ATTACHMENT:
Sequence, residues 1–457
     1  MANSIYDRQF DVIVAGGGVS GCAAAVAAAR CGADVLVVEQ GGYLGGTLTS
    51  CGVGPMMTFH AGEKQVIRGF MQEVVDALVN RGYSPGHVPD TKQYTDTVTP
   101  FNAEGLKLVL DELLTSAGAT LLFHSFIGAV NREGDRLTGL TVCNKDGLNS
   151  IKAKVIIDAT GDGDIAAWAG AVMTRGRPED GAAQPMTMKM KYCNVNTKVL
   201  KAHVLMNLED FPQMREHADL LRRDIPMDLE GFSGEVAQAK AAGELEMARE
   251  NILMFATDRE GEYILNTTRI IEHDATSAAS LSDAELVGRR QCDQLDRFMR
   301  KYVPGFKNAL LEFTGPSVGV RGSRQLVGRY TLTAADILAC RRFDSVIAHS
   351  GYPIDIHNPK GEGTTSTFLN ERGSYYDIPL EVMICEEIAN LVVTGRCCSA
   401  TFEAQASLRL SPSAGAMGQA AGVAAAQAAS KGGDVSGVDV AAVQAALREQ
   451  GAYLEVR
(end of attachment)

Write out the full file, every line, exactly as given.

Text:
Sequence, residues 1–457
     1  MANSIYDRQF DVIVAGGGVS GCAAAVAAAR CGADVLVVEQ GGYLGGTLTS
    51  CGVGPMMTFH AGEKQVIRGF MQEVVDALVN RGYSPGHVPD TKQYTDTVTP
   101  FNAEGLKLVL DELLTSAGAT LLFHSFIGAV NREGDRLTGL TVCNKDGLNS
   151  IKAKVIIDAT GDGDIAAWAG AVMTRGRPED GAAQPMTMKM KYCNVNTKVL
   201  KAHVLMNLED FPQMREHADL LRRDIPMDLE GFSGEVAQAK AAGELEMARE
   251  NILMFATDRE GEYILNTTRI IEHDATSAAS LSDAELVGRR QCDQLDRFMR
   301  KYVPGFKNAL LEFTGPSVGV RGSRQLVGRY TLTAADILAC RRFDSVIAHS
   351  GYPIDIHNPK GEGTTSTFLN ERGSYYDIPL EVMICEEIAN LVVTGRCCSA
   401  TFEAQASLRL SPSAGAMGQA AGVAAAQAAS KGGDVSGVDV AAVQAALREQ
   451  GAYLEVR